Corporal Drummond engaged a large formation Messerschmitt 109’s, shot down one and damaged others. Leading Aircraftman Burgess and Aircraftman Evans, both of whom are wireless operator-air gunners, also fought superior forces of Messerschmitts. Each brought down one and damaged others.

Burgess received shrapnel wounds. All three are described as having shown great courage and skill.

Squadron Leader Cyril Elton Kay, O.B.E., Royal New Zealand Air Force, has been awarded the D.F.C., was announced last night.

Squadron Leader Kay, in extremely difficult conditions and in face of heavy opposition, bombed and machine-gunned important targets in the forests south of Bourlers and Abileux in a night raid this month.

The announcement speaks of his daring, determination and outstanding ability.

As Sergeant he was a Wireless Operator and Air Gunner with 12 Squadron when he died on 7th July 1941, aged 21. His Wellington aircraft type II, number W5360, was shot down and crashed at Kervel-en-Guilers, France. All of the crew died.

Norwood News – Friday 26 September 1941

Mitcham D.F.M. Reported Killed

Sergt T. D. Burgess, R.A.F., Church-road, Mitcham, who was awarded the D.F.M. for bravery and who was decorated by the King in March, is now reported killed.

Note that his middle initial is given as ‘D’ instead of ‘O’.

Commonwealth War Grave Commission casualty record.

Flight Lieutenant Joseph Laurence Moore D.F.C.

Flight Lieutenant Joseph Lawrence Moore, service number 42071, served in 97 Squadron, R.A.F.

He died 25th June 1943, aged 22. He was piloting a Lancaster bomber (LM327-B) on a raid on Elberfeld, Wuppertal, Germany. His aircraft was shot down and all of the crew were killed.

From Norwood News – Friday 29 November 1940

Awarded the D.F.C.

Among the latest awards for bravery is that of Pilot-Officer Joseph Lawrence Moore of Mitcham, who has been granted the Distinguished Flying Cross.

Pilot-Officer Moore was born at Mitcham in 1921, and commissioned in the R.A.F. in May, 1939.

His parents now live at Ulverston, where he received his education at the local Grammar School.

In the London Gazette of 22nd November 1940, he is listed as being in 115 Squadron whgen he received his DFC award.

Commonwealth War Grave Commission casualty record, which says his parents were Thomas and Ella Oliver Moore, of Ulverston, Lancashire.

His parents were living at 10, High Street, Colliers Wood in 1921 according to the Electoral Register. At that time, Colliers Wood was part of the Mitcham Urban District.

See also the RAF Pathfinders website.

Bruce D.F. Searle

Norwood News – Friday 25 October 1940 :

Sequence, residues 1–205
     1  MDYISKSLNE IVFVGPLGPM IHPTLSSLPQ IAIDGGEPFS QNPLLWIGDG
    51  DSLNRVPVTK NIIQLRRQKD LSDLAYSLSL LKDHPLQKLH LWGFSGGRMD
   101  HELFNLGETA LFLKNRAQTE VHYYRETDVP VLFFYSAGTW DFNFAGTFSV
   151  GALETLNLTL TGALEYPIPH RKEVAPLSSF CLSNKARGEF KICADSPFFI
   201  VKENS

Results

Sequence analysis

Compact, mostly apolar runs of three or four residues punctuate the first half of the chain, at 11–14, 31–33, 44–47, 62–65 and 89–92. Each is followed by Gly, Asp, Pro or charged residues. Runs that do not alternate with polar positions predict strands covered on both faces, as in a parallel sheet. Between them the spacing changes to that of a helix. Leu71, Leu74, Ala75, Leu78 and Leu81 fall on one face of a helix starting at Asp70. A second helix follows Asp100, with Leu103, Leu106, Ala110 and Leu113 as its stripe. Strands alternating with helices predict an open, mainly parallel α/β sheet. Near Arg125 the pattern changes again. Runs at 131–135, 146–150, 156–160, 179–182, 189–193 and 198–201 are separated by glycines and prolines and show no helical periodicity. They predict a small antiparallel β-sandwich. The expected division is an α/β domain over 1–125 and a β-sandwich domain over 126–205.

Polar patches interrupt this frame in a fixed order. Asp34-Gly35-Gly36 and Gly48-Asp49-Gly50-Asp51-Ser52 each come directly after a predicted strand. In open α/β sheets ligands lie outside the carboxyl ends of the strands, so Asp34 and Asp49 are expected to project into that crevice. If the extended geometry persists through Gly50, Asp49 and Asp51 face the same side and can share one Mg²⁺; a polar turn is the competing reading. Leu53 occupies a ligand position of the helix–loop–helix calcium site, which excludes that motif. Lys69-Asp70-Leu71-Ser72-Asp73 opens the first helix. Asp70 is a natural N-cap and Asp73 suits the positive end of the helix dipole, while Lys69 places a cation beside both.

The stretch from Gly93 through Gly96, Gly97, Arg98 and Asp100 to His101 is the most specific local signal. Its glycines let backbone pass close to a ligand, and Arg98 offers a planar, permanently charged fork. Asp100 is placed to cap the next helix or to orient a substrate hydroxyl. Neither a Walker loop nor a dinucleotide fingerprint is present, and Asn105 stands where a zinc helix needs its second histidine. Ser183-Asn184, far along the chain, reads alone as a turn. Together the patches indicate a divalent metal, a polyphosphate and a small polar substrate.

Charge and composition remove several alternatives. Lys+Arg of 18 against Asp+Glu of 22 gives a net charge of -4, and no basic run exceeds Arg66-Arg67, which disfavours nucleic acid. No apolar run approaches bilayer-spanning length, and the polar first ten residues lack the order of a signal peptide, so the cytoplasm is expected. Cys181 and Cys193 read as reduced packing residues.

BRUCE SEARLE

Bruce D. F. Searle, the 18-years-old son of Mr. W. G. F. Searle, Courtneyroad, Colliers Wood, a former member of Mitcham Borough Council, fell a victim to a raid. He was leaving a station after a Raiders Passed signal when a bomb fell, and the blast killed him outright as he was walking in the street.

The Commonwealth War Grave Commission casualty record shows a different spelling for his surname, SEARL, and his age differs as well.

Husband and wife killed in air raid in firm’s basement in London

From Norwood News – Friday 17 January 1941, page 2

HUSBAND AND WIFE KILLED IN RAID
Took Shelter at Premises Bombed in London

Mr. and Mrs F. J. Roberts, Spencer-road, Mitcham, have been the victims of enemy action.

They were in the habit of sheltering in the basement of Mr. Roberts’ business premises in London, and when these were bombed, both Mr. and Mrs. Roberts were killed. Mr. Roberts was well-known and respected in Mitcham.

He was secretary of the penny-a-week collection scheme on behalf of Wilson Hospital, succeeding Mr. Allen, the founder. In this capacity Mr. Roberts rendered good service, and his efforts were much appreciated.

The Commonwealth War Grave Commission casualty record for Francis James Roberts, aged 46, his wife Mary Roberts, aged 48, and their son David Iowerth Roberts, aged 15, states that their address was at 19, Spencer Road, and that they died on 11th January 1941 in the premises of Elder & Fyffes, Bow Street. This company imported bananas, and was renamed the Fyffes Group in 1969, according to Grace’s Guide to British Industrial History.

The 1939 register shows that Mr F.J. Roberts was a Printing Dept Supervisor at the firm.

1941 : Figges Marsh Keeper Albert Edward Ball

From Norwood News – Friday 17 January 1941, page 2

Obituary
FIGGES MARSH KEEPER

Mr. A. E. Ball’s Death After Air Raid

MITCHAM Council employees were represented at the funeral, on Thursday, of Mr. Albert Edward Ball, who had been keeper at Figges Marsh recreation ground for many years. He died at Rectory-lane, Tooting, following an air raid, after making a good recovery from a long illness. He had previously been bombed out of Pitcairn-road, Mitcham.

Sixty years of age, he had been employed by Mitcham Council for nearly 20 years, and was a popular figure on Figges Marsh.

It was his great delight during his illness to receive letters from children who frequented the recreation ground before they were evacuated.

The loss of his only son four years ago told greatly on his health. He leaves a widow and two daughters.

His last wish was that his thanks should be conveyed to Dr. Lahiff for his kindness, and to his colleagues for their sympathy during his illness.

The funeral took place at Old Mitcham Cemetery, the arrangements being carried out by Mr. Albert Stringer, Mitcham.